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Sundance #1: Cell phones, snow & swag

Robert Redford acknowledges the audience as he opens the Sundance Film Festival with the film "Happy Endings" starring Maggie Gyllenhaal, Lisa Kudrow, and Tom Arnold Thursday in Park City, Utah.

PARK CITY, Utah -- For 10 days, Robert Redford was observing, the population here swells from 7,500 to 45,000. That's a gain -- I'm guesstimating here -- of 37,499 cell phones, 15,000 SUVs, 400,000 cups of designer coffee, 100,000 postcards advertising a movie that 47 people will see, and 170 restaurant hosts and hostesses fed up with people asking them, "Don't you know who I am?"

This last complaint has grown so common that a T-shirt has emerged with the message: "No, I don't know who you are, and I don't f---ing care."

Oh, the rudeness, it is epidemic. Last year one of the biggest pains in the butt, according to a Canadian journalist, was me. This is not likely because (a) I am the gentlest and most grateful of individuals, and (b) I did not attend last year's festival, and can prove it with a note from my doctor.

But enough about me. What about my festival? Some kind of a record was set on board the American Airlines flight to Salt Lake City, when I was given a DVD of one of the films by its director while the plane was still at the gate. At the SLC airport, I met a charming woman who had the name of her son's film emblazoned on the back of her jacket and was handing out postcards for its screening.

Postcards. There are thousands of them. I turn instead to the official program, which lists, I dunno, 180 films, and I look for (a) directors I like, (b) actors I like, and (c) subjects that sound interesting. Then I feed all the screenings into my computer, and find I can see everything if I am only willing to view four films at once.

So I race off to the Eccles Center for opening night, a film by Don Roos named "Happy Endings." It stars a roll call of Indie Gods, including Lisa Kudrow, Maggie Gyllenhaal, Laura Dern, Bobby Cannavale and Tom Arnold (some are born Indie, others have it thrust upon them).

I am told my press pass, which is good for everything up to and including, I hear, free cappuccinos, will not get me into the screening: I need an actual ticket for opening night. I am not rude and indignant because this seems reasonable enough -- and besides, the Canadian may be lurking about. I say I will attend a later screening, and then an angelic woman I have never seen before in my life simply says "here," and hands me a ticket.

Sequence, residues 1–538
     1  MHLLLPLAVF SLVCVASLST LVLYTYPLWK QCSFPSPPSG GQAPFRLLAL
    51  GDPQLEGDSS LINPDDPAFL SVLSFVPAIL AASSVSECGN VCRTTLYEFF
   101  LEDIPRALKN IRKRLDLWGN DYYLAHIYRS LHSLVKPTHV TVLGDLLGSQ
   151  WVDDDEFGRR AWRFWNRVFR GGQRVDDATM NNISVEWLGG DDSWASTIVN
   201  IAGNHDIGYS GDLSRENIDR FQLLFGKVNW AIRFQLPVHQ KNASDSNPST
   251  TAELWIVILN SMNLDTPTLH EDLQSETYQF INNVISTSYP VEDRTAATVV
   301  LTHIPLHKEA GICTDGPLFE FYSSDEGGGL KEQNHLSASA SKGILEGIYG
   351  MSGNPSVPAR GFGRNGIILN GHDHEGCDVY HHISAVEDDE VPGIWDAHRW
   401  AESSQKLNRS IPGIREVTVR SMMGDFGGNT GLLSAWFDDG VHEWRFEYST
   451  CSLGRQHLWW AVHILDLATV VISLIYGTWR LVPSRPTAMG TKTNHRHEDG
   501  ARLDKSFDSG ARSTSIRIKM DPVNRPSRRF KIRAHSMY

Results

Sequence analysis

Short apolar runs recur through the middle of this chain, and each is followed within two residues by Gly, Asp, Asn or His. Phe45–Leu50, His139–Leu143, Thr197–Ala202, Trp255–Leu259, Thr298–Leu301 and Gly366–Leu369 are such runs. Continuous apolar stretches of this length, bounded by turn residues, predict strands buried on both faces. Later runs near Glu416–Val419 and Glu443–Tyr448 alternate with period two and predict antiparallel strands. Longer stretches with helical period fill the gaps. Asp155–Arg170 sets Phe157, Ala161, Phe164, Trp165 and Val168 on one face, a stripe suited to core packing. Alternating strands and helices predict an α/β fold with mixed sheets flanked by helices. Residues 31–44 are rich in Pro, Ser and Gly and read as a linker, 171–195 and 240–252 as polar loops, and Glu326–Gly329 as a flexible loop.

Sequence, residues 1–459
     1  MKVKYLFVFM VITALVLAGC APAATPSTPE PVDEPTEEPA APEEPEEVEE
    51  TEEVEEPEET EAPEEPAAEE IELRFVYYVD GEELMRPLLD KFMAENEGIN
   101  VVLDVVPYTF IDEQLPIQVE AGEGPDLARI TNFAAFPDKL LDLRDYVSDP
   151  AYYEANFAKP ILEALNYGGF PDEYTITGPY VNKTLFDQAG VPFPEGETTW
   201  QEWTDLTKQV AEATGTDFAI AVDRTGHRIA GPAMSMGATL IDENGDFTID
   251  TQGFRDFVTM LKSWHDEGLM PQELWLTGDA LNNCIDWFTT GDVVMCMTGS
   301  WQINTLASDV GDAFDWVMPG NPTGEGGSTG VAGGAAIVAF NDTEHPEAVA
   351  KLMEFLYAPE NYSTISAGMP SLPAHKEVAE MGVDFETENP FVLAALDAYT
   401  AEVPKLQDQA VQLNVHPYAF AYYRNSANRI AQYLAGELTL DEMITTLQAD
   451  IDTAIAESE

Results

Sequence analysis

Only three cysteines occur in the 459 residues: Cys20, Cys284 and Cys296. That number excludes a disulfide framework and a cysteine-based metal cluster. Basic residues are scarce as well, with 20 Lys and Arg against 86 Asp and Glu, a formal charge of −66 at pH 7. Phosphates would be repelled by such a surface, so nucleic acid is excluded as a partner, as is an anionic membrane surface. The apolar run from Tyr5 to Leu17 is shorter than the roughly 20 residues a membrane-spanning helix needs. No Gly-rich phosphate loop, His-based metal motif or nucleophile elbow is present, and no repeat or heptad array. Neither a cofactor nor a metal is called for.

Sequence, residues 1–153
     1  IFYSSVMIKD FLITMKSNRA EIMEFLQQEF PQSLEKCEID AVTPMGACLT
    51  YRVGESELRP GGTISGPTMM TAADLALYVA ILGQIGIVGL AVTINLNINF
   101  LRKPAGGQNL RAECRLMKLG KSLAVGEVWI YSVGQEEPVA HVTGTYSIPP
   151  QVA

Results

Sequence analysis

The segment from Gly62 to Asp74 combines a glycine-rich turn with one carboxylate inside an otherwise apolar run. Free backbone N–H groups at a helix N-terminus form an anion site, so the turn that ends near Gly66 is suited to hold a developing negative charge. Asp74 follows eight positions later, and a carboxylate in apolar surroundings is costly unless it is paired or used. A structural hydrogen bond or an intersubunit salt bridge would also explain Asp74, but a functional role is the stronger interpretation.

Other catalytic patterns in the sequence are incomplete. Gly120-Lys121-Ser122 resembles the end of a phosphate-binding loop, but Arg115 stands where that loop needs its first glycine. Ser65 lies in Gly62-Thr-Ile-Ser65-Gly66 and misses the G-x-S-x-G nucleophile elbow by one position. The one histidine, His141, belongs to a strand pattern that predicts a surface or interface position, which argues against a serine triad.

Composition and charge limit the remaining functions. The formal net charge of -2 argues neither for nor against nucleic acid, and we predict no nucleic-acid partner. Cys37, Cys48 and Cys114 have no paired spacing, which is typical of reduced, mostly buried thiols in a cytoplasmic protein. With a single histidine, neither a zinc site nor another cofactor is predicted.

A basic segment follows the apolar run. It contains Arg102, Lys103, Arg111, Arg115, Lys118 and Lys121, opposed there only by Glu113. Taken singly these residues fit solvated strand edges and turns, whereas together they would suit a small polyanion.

Inside, I find that Howie Movshowitz of the Denver Starz Cinema Center and Rob Denerstein of the Rocky Mountain News have saved me a seat in the back row on the left. This is where we always sit every year, and they figured I'd turn up.

"But where is Ken Turan?" I ask, because the Los Angeles Times critic invariably lurks back there in the shadows with us. He has not been sighted, but Debbie, the babe who always sits right in front of us, is here again this year. We like her because she's not tall and we can see over her. Also for other reasons, but at Sundance that's the most important one.

The screening is delayed for half an hour by a locustlike horde of photographers, who are jammed into the lower right-hand corner of the vast room, which is why we always choose the upper left. They are all trying to repair the tragic shortage of photos of Robert Redford. Eventually Bob climbs onstage and observes that he is here because he did not get invited to another event on Thursday night. That would be the Inaugural Gala, ho, ho.

The movie is ... but that can wait until I file a roundup of several of the first movies I have seen. I am too agog just to be here. My wife, Chaz, has sent me an item from the New York Post's Page Six. Just think how many reporter-hours went into compiling the following information:

"At the Motorola Lodge, celebs get free phones, Escada dresses, Kiehl's products and Mercedes loaners. On Main Street, Hewlett-Packard is giving out iPods, cameras, computers and printers. Nearby is the Levi's ranch, where jeans, Xboxes and Ray-Bans are doled out. Seven jeans, Swarovski crystal and Cake makeup have a celebrity dressing suite at the Goldener Hirsh Inn.

"The Park City satellite of Marquee will be pouring Crown Royale for celebs, while Fred Segal has set up a spa at the Village at the Lift right next to the Yahoo! Cafe and the Timberland suite. One lucky winner at the Hewlett-Packard & Entertainment Weekly party tomorrow night will go home with a $25,000 gift bag, including an all-expenses-paid trip to South Beach, Adam + Eve intimate apparel, AG Jeans, a spa weekend in Arizona and goodies from MAC Cosmetics."

Me again. News items like this make my heart glow. I remember when Sundance was so scrawny, it wasn't even called Sundance. It was called the United States Film and Video Festival, and so few people attended that the awards banquet was held in a meeting room of the Holiday Inn. Now there are 37,500 people here, and one of us is going home with a $25,000 gift bag.

Roger Ebert

Roger Ebert was the film critic of the Chicago Sun-Times from 1967 until his death in 2013. In 1975, he won the Pulitzer Prize for distinguished criticism.

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